Background Information

Due to the COVID-19 pandemic, students are experiencing an extended period of social isolation than before. This may have profound long-term impacts on students. Hanover Research provides mental health and physical health risks associated with social isolation:

  • Long-term Mental Health Risks
  • Anxiety disorders
  • Alcoholism
  • Depression
  • Suicidal Tendencies
  • Long-term Physical Health Risks
  • Inflammation and high CRP
  • High blood pressure
  • High cholesterol
  • Adult obesity

Understanding the effects and symptoms of social isolation in school-age youth can provide districts with tools to identify students at greatest risk and implement appropriate supports to mitigate the impact of the current crisis, both now and upon the return to school.
Children and adolescents are likely to experience high rates of depression and most likely anxiety during and after enforced isolation ends. This may increase as enforced isolation continues. Clinical services should offer preventive support and early intervention where possible and be prepared for an increase in mental health-related needs (Loades, Maria Elizabeth et al., 2020). Teachers may also play a beneficial role in supporting students through these challenges. According to Curtis in Edutopia, teachers are in the position to help build strong relationships with and between students to help them through these challenging times.

Best-practices and Implications for Professional Practice

National Child Traumatic Stress Network expresses the importance of educators incorporating the practices below in supporting students in times of social isolation:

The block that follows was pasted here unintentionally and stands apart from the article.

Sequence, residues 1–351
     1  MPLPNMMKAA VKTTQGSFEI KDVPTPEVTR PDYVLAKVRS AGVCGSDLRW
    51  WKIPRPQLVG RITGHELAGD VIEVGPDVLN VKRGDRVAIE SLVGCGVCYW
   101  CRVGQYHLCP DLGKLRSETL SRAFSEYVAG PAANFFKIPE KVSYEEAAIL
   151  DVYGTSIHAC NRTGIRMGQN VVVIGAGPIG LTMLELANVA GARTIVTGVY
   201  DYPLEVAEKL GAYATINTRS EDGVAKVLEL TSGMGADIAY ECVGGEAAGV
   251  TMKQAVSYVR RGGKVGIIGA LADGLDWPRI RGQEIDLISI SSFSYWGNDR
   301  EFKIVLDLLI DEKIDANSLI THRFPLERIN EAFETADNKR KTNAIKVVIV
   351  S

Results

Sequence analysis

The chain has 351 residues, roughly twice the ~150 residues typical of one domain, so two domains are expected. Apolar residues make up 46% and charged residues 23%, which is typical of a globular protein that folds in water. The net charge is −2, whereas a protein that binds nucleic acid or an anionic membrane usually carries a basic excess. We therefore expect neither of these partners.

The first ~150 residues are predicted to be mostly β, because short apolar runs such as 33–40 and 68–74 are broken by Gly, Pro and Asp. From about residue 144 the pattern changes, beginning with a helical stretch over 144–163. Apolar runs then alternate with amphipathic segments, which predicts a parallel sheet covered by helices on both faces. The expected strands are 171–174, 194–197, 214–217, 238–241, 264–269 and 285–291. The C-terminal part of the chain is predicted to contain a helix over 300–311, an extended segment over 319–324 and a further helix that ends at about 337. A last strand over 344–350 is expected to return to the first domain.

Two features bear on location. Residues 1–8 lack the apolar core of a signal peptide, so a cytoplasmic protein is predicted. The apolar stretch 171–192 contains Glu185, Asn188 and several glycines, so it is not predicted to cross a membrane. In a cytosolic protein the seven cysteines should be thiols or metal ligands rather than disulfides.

• Establish a routine and maintain clear communication.
  • Have relationships and well-being take a priority over assignment and behavioral compliance.
  • Provide a sense of safety.
  • Maintain connectedness.
  • Encourage a sense of hope.

The Ohio Department of Education emphasizes the importance of relationships, building resiliency, supporting behavior, implementing trauma-informed practices, and adult self-care through times of social isolation. The Department offers ways for maintaining connectedness and a positive school climate:

  • Create a sense of community virtually.
  • Share positive actions and behaviors through announcements to uplift students and staff.
  • Establish virtual opportunities to stay in contact with students.
  • Create belonging routines such as classroom mottos or songs chanted at the beginning or end of class every day.
  • Relationship building through personal sharing.
  • Ensure mask comfort.
  • Plan shared projects.

Suggested Resources

Safe2Help Illinois Website Resources:

Other Resources:

Sample Classroom Strategies

IL SEL Standards:

  • Goal 1: Develop self-awareness and self-management skills to achieve school and life success.
  • Goal 2: Use social-awareness and interpersonal skills to establish and maintain positive relationships.
  • Goal 3: Demonstrate decision-making skills and responsible behaviors in personal, school, and community contexts.


These activities can be used to address the Illinois SEL Standards.

a. Implement inclusionary programs such as Sandy Hook’s Start with Hello to reduce social isolation.
b. Journal/Writing Narrative prompts: How can you help a friend who seems to be removing themselves from activities and connection?
c. Institute a “Buddy” program where students are connected and check-in with each other daily.
d. Role Play Scenarios:
1. You text someone and they don’t respond.
a.What are some responses you may have/feel?
b.Reframe the negative responses.
c.What can be your next steps?
2. A friend is acting different. They seem either angry or distant all the time. What might you say to them?
e. Class Discussions:
1. Have students give examples of when a friend has isolated themselves. What has happened?
2. Have students discuss the impact of social isolation on their well-being.
3. Have students discuss ways to maintain connectedness.